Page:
Colorado Outdoor Adventures

135 miles
Monday, July 19, 2010

Disclaimer: It is my blog day today and I already know I cannot compete with Janel and John as far as witty writing so I am not going to try. You will not get wry comment or snazzy turns of phrases in this post. What you will get is a straightforward account of our day. If you are looking forward to a clever reparte – better skip this post.

Today is our whitewater rafting day and we have set the alarm for 6:30 in order to meet at our rafting location by 9:00. Naturally, the alarm does not go off and I awake with a start at 7:14. We manage to get up, get ready and slam down some breakfast before heading off to Canon City. Canon City is about 1 hour east of Salida. Little did we know that the road to Canon City (hwy 50) would be stunning. It is a beautifully scenic drive following the Arkansas River through a winding mountain road. We love it.

As per our usual we are listening to our Sirius Satellite radio and are scouring the channels for interesting song titles. The titles of note we have heard so far are:

“Let’s Talk Dirty in Hawaiian” (previously referenced by Janel)
“I Don’t Like Half the Folks I Love”
“I’m Gonna Drink Canada Dry Before I Die”

We don’t hear any more candidates this morning, but are hoping for the best.

After making a slight directional mistake, we call the raft company and they “talk us in” to their place near the Royal Gorge. The Royal Gorge is a very famous area where there is a really cool suspension bridge (built in 1929) and a scenic railroad that tourists must pay $$$ to enter. We will get to be smack in the middle of it as we navigate the whitewater on our rafts. Cool.

Just as a side note: I have already whined this morning that I feel today is an unfair blog day for me. This is due to the fact that we cannot take a camera on our raft trip (since we don’t want to risk it getting tossed overboard) and therefore will not have many good pics today. Neither Janel nor John feel any sympathy for me. In fact, they both have basically told me that it is too bad and that I can draw my pictures . . . “Paint with a track pad” (computer geeks will understand)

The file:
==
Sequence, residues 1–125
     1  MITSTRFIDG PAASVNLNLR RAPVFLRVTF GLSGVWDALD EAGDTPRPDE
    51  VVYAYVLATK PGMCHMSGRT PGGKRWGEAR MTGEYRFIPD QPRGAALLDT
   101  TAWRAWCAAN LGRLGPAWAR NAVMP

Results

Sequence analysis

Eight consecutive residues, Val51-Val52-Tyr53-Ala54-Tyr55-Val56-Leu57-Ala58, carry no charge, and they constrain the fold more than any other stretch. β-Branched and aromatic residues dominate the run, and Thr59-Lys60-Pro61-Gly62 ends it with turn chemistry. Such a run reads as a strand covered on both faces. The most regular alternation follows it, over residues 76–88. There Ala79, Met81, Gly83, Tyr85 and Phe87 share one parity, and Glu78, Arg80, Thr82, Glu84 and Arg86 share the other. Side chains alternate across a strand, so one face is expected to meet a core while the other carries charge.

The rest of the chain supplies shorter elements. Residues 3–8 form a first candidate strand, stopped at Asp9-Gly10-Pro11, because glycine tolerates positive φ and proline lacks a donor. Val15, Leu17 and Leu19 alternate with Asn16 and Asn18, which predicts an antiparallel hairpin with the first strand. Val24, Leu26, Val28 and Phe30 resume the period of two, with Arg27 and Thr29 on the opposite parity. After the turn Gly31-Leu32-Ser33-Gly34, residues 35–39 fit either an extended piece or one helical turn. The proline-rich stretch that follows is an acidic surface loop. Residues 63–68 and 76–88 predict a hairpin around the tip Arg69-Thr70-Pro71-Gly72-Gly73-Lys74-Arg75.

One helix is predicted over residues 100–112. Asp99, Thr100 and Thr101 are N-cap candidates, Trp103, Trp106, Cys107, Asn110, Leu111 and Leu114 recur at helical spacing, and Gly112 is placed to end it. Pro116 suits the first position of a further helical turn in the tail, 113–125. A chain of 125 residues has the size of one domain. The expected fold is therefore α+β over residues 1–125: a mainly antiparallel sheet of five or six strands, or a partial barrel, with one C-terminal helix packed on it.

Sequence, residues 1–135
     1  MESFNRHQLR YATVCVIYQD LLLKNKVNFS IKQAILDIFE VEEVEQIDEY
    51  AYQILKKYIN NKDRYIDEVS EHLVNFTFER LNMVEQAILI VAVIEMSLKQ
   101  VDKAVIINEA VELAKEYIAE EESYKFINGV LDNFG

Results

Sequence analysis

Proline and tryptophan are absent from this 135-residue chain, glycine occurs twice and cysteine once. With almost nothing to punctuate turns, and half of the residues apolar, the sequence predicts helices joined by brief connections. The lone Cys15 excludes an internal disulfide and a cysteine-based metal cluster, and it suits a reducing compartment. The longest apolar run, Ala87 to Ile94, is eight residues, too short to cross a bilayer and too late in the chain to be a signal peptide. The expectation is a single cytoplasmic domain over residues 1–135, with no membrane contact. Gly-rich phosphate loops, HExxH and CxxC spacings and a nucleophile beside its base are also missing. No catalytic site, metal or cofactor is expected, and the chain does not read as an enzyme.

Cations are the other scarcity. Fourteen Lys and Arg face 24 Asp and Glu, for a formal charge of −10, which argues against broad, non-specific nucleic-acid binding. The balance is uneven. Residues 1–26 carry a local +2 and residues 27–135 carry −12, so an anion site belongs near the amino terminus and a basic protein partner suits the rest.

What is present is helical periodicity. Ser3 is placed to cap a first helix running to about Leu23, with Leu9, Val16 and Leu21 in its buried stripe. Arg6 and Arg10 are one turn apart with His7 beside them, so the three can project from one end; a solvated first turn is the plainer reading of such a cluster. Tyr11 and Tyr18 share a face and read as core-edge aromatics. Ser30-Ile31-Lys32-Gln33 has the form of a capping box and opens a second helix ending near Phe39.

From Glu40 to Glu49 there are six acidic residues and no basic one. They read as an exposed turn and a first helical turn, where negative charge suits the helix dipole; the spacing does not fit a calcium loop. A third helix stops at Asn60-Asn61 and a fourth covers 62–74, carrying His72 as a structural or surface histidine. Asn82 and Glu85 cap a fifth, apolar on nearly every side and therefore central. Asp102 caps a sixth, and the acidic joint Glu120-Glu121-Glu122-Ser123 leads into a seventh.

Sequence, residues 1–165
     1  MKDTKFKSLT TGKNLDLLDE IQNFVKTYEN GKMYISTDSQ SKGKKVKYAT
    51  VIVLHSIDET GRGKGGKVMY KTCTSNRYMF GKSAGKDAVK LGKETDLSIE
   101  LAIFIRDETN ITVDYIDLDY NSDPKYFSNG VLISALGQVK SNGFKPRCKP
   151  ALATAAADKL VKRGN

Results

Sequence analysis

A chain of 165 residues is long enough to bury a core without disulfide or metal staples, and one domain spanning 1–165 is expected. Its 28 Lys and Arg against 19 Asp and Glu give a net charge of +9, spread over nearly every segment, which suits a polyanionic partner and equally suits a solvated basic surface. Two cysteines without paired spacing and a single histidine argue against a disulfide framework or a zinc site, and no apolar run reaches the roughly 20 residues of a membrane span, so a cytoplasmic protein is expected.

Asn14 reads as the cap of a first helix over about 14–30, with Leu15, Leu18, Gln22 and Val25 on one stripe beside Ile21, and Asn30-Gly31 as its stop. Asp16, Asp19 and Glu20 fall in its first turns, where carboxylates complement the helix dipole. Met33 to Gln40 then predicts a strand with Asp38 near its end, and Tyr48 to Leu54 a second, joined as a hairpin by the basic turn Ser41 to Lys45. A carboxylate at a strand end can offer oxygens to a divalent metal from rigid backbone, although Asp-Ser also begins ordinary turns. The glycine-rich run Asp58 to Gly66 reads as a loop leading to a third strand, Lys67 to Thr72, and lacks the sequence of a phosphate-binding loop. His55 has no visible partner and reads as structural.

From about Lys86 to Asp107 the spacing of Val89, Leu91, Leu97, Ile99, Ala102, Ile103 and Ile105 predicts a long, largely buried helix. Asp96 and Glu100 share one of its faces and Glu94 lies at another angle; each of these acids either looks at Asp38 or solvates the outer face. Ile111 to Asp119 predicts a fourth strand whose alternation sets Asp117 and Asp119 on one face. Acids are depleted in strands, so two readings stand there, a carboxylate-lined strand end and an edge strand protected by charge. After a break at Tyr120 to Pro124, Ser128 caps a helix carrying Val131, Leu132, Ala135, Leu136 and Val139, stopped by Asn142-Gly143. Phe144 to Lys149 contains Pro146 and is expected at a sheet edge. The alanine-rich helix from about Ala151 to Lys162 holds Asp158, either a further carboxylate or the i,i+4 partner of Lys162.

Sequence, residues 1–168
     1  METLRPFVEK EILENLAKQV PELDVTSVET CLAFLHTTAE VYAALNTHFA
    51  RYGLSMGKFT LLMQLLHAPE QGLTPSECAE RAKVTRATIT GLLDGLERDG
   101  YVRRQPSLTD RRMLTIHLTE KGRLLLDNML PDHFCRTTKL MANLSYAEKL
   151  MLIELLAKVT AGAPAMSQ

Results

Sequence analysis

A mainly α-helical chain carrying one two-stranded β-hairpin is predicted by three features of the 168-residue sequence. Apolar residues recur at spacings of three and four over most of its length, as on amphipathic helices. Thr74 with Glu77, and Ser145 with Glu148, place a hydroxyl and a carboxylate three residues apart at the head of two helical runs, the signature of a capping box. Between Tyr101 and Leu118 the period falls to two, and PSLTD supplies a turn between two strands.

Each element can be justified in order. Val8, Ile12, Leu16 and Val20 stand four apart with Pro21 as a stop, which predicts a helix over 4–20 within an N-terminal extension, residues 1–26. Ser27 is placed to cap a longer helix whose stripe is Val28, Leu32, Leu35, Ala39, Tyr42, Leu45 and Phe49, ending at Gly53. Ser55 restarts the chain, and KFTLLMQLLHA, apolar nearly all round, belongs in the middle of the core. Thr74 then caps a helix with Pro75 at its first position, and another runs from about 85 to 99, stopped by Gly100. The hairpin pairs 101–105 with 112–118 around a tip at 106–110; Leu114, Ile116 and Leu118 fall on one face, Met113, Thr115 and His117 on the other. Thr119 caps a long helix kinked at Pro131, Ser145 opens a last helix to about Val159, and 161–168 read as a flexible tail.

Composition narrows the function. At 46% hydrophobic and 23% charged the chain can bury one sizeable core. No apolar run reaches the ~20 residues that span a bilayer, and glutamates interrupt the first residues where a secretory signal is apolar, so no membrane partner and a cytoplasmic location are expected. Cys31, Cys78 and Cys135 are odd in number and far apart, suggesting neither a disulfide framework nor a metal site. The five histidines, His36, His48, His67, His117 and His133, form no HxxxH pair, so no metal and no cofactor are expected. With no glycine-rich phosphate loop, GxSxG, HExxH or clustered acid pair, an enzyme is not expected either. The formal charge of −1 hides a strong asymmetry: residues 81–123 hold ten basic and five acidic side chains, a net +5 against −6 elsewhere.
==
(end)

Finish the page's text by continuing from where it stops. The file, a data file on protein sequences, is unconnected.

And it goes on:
When we finally arrive at Performance Tours, the first order of business is one we are very familiar with from our scuba diving trips – signing waiver forms. We don’t even bother to read them anymore. We just sign our lives away like we have no good sense. Then it is time to gear up.

“But this will ruin my hair”

“I know what I will do with my hair. . .”

We don our lifejackets (pulled super tight), our helmets and grab our paddles. Ready to go! Our guide, Roel is great. We start off in pretty calm water while he explains the comands to us. There are six people in our raft and his commands are simple: “Left forward one” “Right forward two” Both forward one” “Left back two” etc. ( all are indications of which side should paddle, how many strokes and which direction.) He ensures us that if we all paddle correctly nobody will exit the raft prematurely.

Suited up and ready for action

check our the earflaps on my helmet

We make our way through some Class III and IV rapids with names like “Boat Eater, Sledgehammer and Wall Slammer.” Johnny is in the front on our side and takes the brunt of the waves like a champ. We delight in the fact that none of us has been thrown overboard. This takes on a whole new meaning when we pass by our first set of really tough rapids and then relax in the eddy while we watch several other rafts attempt the same passage. We watch in mixed horror and fascination as rafts dislodge several passengers among the swirling whitewater and bodies are being swept downriver past us as the guides yell “SWIM! SWIM!” Fortunately everyone finally gets rescued and no one is too worse for the wear.

We pass through incredible scenery in the Royal Gorge and paddle directly under the suspension bridge (built in 1929) where folks have paid $$$ just to drive over and peer into the abyss that we are floating on. It is a marvelous way to see the Gorge and we tell the people passing by on the “scenic train” that we are definitely having more fun than they are.

After navigating several more rapids we are finally in a relaxing section of the river and enjoy our trip back to shore. It is time to load up the rafts and equipment and make our way back to the headquarters. We have had a wonderful morning on the river and are now setting our sites on our afternoon planned zipline adventure.

It is around 12:30 and we need to be back in Salida (an hour away) by 2:00 and we are STARVING. We decide to munch from our cooler and snack box and find a scenic spot beside the river on our way to Salida. We enjoy meat, pb&j (stolen from breakfast), nut-trition (don’t ask), yogurt and apples. When we arrive in Salida Janel and I need a caffeine break and run the the McD’s drive through for coffee. John decides to indulge in a “Niller” ( vanilla cone) and we are all fat and happy.